Shumlin says transportation funds critical to health of state
MONTPELIER -- Vermont Gov. Peter Shumlin is urging leaders in Congress to replenish the federal transportation fund so Vermont can move forward with road and bridge projects that he says are critical to job growth, public safety and the health of the state.
Shumlin sent a letter to U.S. House Speaker John Boehner, R-Ohio, and Senate Majority Leader Harry Reid, D-Nev., on Wednesday saying a projected shortfall in the Highway Trust Fund could threaten the state's progress in recovering from the Great Recession.
"Without a resolution to this fiscal dilemma Vermont will not be able to fund much-needed road, bridge, rail and transit programs that are critical every year but especially this year following a particularly harsh winter. At a time when we're working hard to create jobs and grow economic opportunity, prompt Congressional action is critical," he wrote.
Meanwhile, U.S. Transportation Secretary Anthony Foxx this week started an eight-state bus trip to try to drum up support for congressional approval of legislation to keep federal transportation aid flowing to states for four more years, maybe longer. The Department of Transportation forecasts the funds will dry up by Aug. 29, but some federal and state officials worry it could be depleted sooner.
The state relies on the fund to match its state dollars for transportation projects. State officials are about to issue contracts for work that needs be done but they don't yet know if they'll have federal money to pay for them, Shumlin said. He estimates that every $1 million of transportation funding supports 35 jobs in Vermont, directly and through the maintenance of the state's transportation infrastructure.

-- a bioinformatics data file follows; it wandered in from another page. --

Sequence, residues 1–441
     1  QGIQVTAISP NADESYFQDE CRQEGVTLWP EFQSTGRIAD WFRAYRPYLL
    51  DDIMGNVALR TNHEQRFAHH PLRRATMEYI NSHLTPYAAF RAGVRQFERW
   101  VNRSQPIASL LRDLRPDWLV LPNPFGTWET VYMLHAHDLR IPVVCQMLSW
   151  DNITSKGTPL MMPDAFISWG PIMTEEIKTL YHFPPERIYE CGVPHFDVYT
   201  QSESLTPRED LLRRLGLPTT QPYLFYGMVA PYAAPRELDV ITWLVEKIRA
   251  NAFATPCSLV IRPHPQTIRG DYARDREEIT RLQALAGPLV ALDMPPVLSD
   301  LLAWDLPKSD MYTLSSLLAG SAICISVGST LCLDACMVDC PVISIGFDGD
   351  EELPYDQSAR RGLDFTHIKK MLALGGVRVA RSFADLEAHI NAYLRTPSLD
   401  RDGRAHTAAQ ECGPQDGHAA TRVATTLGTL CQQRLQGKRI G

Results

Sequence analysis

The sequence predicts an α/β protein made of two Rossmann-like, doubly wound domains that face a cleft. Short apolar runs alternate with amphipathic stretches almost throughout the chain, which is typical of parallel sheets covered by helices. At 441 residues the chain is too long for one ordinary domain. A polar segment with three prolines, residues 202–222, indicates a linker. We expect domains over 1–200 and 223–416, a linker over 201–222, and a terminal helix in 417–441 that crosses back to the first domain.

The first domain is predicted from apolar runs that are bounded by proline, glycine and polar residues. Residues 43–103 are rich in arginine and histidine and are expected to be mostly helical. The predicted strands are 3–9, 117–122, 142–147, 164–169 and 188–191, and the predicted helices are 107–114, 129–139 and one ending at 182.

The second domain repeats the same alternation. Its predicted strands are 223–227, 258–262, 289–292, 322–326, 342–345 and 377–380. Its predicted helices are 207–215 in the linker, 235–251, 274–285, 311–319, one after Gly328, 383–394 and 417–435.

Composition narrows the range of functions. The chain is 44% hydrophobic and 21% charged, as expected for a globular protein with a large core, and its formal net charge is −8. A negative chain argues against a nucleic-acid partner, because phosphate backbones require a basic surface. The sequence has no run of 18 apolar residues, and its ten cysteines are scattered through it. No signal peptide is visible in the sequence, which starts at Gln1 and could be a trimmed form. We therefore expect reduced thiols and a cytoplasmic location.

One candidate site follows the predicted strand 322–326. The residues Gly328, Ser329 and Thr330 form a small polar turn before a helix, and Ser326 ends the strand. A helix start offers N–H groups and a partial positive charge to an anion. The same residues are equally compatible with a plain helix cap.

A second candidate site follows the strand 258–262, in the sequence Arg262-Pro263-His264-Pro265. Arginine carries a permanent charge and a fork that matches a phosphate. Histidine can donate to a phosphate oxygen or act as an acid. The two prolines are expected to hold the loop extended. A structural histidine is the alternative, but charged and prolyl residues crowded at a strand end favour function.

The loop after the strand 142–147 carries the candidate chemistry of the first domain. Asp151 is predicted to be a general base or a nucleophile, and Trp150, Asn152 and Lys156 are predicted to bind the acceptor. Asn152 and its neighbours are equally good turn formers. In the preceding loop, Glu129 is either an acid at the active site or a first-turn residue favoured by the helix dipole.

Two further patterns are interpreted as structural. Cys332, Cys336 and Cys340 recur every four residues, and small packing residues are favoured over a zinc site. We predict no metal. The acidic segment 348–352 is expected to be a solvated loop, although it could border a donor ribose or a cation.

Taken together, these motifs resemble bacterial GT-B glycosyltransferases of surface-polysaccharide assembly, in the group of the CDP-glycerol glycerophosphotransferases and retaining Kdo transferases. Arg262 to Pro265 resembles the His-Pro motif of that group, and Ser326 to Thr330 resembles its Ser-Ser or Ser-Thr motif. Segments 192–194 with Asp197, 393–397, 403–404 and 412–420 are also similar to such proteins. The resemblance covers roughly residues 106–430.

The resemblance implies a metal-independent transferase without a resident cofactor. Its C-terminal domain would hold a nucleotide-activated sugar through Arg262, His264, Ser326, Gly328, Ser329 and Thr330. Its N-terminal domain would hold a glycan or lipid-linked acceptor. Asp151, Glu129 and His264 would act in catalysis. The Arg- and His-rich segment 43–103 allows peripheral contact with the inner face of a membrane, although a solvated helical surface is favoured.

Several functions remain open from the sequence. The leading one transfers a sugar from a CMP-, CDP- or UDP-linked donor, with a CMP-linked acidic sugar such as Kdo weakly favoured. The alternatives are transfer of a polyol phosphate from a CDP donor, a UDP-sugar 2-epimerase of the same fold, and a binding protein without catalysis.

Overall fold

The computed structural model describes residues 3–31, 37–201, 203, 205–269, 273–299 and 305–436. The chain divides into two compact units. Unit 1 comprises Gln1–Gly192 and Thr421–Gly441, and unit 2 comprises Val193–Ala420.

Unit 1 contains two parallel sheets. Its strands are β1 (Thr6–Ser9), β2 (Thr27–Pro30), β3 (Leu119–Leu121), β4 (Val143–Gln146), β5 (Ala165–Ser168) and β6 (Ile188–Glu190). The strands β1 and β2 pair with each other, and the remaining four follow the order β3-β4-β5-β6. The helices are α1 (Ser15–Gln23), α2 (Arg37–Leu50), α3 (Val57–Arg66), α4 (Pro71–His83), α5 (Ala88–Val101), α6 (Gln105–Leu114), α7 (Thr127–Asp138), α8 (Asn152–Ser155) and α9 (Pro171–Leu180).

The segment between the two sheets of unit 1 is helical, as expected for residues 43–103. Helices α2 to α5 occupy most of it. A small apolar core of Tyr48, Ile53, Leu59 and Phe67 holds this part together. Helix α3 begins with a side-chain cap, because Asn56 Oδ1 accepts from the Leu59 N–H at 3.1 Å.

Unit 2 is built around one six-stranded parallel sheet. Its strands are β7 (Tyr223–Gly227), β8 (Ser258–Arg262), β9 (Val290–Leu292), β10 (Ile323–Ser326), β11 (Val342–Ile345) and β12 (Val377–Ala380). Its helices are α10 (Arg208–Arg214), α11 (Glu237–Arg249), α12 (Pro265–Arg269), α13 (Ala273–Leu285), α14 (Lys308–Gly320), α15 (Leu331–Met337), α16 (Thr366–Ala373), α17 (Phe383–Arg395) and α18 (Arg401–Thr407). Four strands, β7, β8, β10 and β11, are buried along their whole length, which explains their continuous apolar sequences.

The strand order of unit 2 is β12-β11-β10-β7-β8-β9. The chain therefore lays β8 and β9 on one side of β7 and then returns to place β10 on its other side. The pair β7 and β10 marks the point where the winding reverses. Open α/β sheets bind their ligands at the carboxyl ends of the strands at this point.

Members of Congress representing Vermont support Shumlin's call for congressional action on the fund. They said in a joint statement that ensuring safe and adequate transportation infrastructure should not be a partisan issue.
Vermont has an $8 million shortfall from last winter on snow plowing, sanding and other maintenance, said Sen. Richard Mazza, chairman of the Senate Transportation Committee.
"That's why it's so critically important that we do get the federal government to step up to the plate," he said. The state plans $115 million in paving this year but could do more when Congress settles on a bill, he said.
"We plea to please fill the highway trust fund, make sure that we can build our projects and keep our economy growing," Deputy Transportation Secretary Sue Minter said.
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